Much of what we do in organisations in terms of performance assessment, training and salary grading is based on the idea that human performance follows a ‘Normal’ (or Gaussian) distribution. This is usually referred to as the bell curve. Practically all forced ranking systems are based on this assumption. Trouble is, it’s not true.
If you have ever been subjected to forced ranking, or even worse had to rank your team in such a system, you will know how it is next to impossible to have the vast majority of people rated as average and the same numbers allocated to over- and underperforming. The result is that good performers often get offended and underperformers may end up in the average group to make up numbers.
Thanks to some ground-breaking research done in the last couple of years we now finally know why the whole forced ranking thing never felt quite right – it is based on a flawed assumption. Human performance does not follow a bell curve at all, it instead follows a Pareto distribution (famous for its associated 80/20 rule), which is also known as a power law distribution.
The study, “The Best and the Rest: Revisiting the Norm of Normality of Individual Performance” by Ernest O’Boyle Jr. and Herman Aguinis, included 633,263 researchers, entertainers, politicians, and amateur and professional athletes. They found that results are remarkably consistent across industries, types of jobs, types of performance measures, and time frames and that individual performance follows a power law distribution.
To give you an idea how this is a rather big deal, compare the Normal and Pareto distributions in the image below:
The big difference in the distributions is quite obvious, even though both have the same average value! A Paretian distribution resembles a ski slope, with 80% performing below average, 10% around the middle, and 10% exceeding; meaning that the assumption that the typical performer is average is a myth of the bell curve assumption. The reason is that power law distributions have a ‘fat tail’ of overperformers and hyperperformers, this is the gray area on the right side of the graph. The results mirror the famous 80/20 rule, which assumes at 80% of the work is done by 20% of the people.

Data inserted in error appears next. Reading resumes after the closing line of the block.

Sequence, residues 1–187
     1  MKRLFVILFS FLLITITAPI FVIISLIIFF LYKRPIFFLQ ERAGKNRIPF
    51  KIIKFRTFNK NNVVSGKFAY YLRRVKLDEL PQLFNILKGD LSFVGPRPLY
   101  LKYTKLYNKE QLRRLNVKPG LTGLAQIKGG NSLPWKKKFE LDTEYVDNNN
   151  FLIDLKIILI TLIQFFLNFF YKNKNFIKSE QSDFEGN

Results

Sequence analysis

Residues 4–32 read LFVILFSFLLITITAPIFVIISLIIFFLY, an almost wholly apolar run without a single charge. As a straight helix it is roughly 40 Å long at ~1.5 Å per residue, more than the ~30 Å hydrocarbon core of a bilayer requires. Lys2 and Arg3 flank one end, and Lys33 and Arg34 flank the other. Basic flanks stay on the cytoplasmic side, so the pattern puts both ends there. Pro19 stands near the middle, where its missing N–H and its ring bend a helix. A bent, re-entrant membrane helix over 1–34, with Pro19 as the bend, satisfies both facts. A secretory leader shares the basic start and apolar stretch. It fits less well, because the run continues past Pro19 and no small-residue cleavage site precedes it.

What do these findings mean in practice? Well, we need a new way of ranking performance for a start. But beyond the obvious, many leadership and training practices are also implicitly grounded in the bell curve assumption. They focus on shifting the performance of the majority of workers (the average) or the team, rather than on the 20% of people who do the majority of the work as displayed in a Paretian distribution. Any training and development that fails to specifically target those top performers who generate the majority of performance outcomes is likely to result in minimal impacts for the organisation.
Undoubtedly, such an approach would deeply challenge our notion of fairness. Industries that already take such a ‘winner takes all’ approach – politics, entertainment and sport – are seen as elitist and unfair. Schools have invested heavily in recent decades in creating more or less a mirror image of the Paretian distribution, where only a tiny minority of pupils is told they are below average and everyone else gets a price.
Nevertheless, we should start a discussion on how to better rank performance in line with these research findings and how to best invest in the top performers without alienating the rest of the workforce.